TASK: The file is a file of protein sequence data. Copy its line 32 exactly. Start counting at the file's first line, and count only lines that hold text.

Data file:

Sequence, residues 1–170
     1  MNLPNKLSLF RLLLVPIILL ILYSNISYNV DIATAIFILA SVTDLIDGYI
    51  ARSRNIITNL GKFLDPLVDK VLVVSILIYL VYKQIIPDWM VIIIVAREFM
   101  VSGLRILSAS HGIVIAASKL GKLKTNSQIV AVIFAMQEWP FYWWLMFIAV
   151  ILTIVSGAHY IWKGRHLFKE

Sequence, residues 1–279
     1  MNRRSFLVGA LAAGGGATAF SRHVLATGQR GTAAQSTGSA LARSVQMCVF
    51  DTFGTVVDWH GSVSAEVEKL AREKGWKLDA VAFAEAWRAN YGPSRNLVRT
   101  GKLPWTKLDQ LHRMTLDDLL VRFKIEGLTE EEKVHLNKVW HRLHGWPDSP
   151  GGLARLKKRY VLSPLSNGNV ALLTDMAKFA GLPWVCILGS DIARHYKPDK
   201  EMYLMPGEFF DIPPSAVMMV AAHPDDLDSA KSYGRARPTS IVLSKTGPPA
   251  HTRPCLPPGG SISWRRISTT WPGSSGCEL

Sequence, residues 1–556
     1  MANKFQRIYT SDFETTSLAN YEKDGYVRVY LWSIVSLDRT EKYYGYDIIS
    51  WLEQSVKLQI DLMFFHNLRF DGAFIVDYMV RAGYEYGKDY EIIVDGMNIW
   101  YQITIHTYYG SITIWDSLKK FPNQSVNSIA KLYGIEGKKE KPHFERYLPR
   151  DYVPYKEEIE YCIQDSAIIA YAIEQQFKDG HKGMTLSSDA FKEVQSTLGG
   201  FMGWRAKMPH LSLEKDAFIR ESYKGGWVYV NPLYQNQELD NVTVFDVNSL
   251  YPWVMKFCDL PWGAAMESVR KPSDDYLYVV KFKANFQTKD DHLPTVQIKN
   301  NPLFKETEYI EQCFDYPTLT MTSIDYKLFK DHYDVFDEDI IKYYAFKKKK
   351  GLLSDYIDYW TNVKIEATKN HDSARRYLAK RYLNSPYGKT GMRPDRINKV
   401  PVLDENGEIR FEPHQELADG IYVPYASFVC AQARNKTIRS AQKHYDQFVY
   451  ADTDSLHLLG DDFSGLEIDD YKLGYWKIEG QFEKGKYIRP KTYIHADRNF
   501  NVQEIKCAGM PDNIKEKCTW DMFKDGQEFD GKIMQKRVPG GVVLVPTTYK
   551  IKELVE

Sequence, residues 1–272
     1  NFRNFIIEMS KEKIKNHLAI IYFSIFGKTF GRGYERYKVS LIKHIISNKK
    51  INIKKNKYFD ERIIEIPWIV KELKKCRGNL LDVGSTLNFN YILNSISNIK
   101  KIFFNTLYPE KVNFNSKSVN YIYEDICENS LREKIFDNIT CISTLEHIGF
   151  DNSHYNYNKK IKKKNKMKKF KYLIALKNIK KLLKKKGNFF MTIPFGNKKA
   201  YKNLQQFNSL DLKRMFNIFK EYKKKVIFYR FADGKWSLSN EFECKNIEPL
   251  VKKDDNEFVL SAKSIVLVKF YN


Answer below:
   251  VKKDDNEFVL SAKSIVLVKF YN